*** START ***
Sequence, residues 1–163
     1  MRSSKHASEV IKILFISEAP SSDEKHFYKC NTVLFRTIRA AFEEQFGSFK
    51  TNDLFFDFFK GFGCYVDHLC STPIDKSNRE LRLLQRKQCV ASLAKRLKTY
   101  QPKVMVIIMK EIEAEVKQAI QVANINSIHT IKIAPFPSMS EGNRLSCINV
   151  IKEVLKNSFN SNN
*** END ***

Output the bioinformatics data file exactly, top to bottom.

Sequence, residues 1–163
     1  MRSSKHASEV IKILFISEAP SSDEKHFYKC NTVLFRTIRA AFEEQFGSFK
    51  TNDLFFDFFK GFGCYVDHLC STPIDKSNRE LRLLQRKQCV ASLAKRLKTY
   101  QPKVMVIIMK EIEAEVKQAI QVANINSIHT IKIAPFPSMS EGNRLSCINV
   151  IKEVLKNSFN SNN